The Last of Us director Peter Hoar recently admitted to tricking audiences in order to push gay propaganda. 

Director Peter Hoar and Nick Offerman as Bill in The Last of Us (2023), HBO. Photograph by Liane Hentscher/HBO

In an interview with Inverse, regarding the third episode of the series, Hoar was asked how he approached directing actors Nick Offerman and Murray Bartlett throughout the episode.

As part of his answer, Hoar stated, “Sometimes you have to sort of trick the rest of the world into watching these things before they’re like, ‘Oh, my God, it was two guys. I just realized.’ I think then they might understand that it’s all real. It’s just the same love.”

Nick Offerman as Bill, Director Peter Hoar, and Murray Bartlett as Frank in The Last of Us (2023), HBO. Photograph by Liane Hentscher/HBO

It is not the same love. What the show and Hoar are trying to depict as love is anything but. What they are depicting is the sin of lust and sodomy. 

To elucidate this point further Pope John Paull II and The Vatican’s Congregation for the Doctrine of the Faith published Considerations Regarding Proposals to Give Legal Recognitions to Unions Between Homosexual Persons.

The letter states, “The Church’s teaching on marriage and on the complementarity of the sexes reiterates a truth that is evident to right reason and recognized as such by all the major cultures of the world. Marriage is not just any relationship between human beings. It was established by the Creator with its own nature, essential properties and purpose. No ideology can erase from the human spirit the certainty that marriage exists solely between a man and a woman, who by mutual personal gift, proper and exclusive to themselves, tend toward the communion of their persons. In this way, they mutually perfect each other, in order to cooperate with God in the procreation and upbringing of new human lives.”

Nick Offerman as Bill and Murray Bartlett as Frank in The Last of Us (2023), HBO

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After providing ample evidence to this point, the letter says, “There are absolutely no grounds for considering homosexual unions to be in any way similar or even remotely analogous to God’s plan for marriage and family. Marriage is holy, while homosexual acts go against the natural moral law. Homosexual acts ‘close the sexual act to the gift of life. They do not proceed from a genuine affective and sexual complementarity. Under no circumstances can they be approved.'”

In conclusion the letter declares, “The common good requires that laws recognize, promote and protect marriage as the basis of the family, the primary unit of society. Legal recognition of homosexual unions or placing them on the same level as marriage would mean not only the approval of deviant behaviour, with the consequence of making it a model in present-day society, but would also obscure basic values which belong to the common inheritance of humanity.”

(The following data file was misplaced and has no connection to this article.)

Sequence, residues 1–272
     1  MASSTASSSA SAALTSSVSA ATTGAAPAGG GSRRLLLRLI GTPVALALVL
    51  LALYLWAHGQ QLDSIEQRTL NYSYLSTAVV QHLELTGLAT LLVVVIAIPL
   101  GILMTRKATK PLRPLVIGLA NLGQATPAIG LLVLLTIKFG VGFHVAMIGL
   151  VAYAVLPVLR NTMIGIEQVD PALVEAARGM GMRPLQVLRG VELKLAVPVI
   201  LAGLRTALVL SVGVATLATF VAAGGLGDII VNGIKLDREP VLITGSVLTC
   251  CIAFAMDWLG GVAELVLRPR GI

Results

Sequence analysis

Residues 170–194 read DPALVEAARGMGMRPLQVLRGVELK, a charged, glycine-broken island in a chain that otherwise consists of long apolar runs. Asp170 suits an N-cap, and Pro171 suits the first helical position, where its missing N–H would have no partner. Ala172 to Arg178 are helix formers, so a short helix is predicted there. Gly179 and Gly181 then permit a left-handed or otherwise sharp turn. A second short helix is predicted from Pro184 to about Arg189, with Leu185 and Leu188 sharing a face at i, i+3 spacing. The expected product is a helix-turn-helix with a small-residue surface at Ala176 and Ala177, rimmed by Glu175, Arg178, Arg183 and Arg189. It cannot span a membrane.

Nick Offerman as Bill and Murray Bartlett as Frank in The Last of Us (2023), HBO

Despite this obvious truth, actress Bella Ramsey revealed the show would continue to push sin as normal behavior. 

She told GQ, “I know people will think what they want to think. But they’re gonna have to get used to it. If you don’t want to watch the show because it has gay storylines, because it has a trans character, that’s on you, and you’re missing out.”

“It isn’t gonna make me afraid. I think that comes from a place of defiance,” she added.

Bella Ramsey as Ellie Williams in The Last of Us (2023), HBO

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Her fellow actress Storm Reid also recently told Variety, “I think Bella put it perfectly a couple of weeks ago: ‘If you don’t like it, don’t watch.’ There’s so many other things to worry about in the world.”

“I think being concerned about who people love is just absurd to me. I just don’t — I will never understand it. I don’t get it,” she added.

Storm Reid as Riley Abel in The Last Of Us (2023), HBO

Clearly, Hoar knows that it is natural to reject homosexuality because it is indeed unnatural and goes against “the natural moral law.” It’s why he honestly stated he needed to trick audiences into trying to accept sin as something true and just when it simply is not.

To paraphrase another writer, if something is natural and pure, one would not need to trick someone in order to make them believe it. What’s more likely the case is Hoar is trying to justify his own sinfulness, but at the same time wants to also spread it to others.

Bella Ramsey as Ellie Williams and Storm Reid as Riley Abel in The Last Of Us (2023), HBO

What do you make of Hoar’s honesty that he’s trying to trick audiences into accepting gay storylines?

NEXT: Current Lead On HBO’s ‘The Last Of Us’ Bella Ramsey Buys Into False Gender Ideology: “I Guess My Gender Has Always Been Very Fluid”

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    John F. Trent
    Founder and Editor-in-Chief

    John is the Editor-in-Chief here at Bounding Into Comics. He is a massive Washington Capitals fan, lover of history, and likes to dabble in economics and philosophy.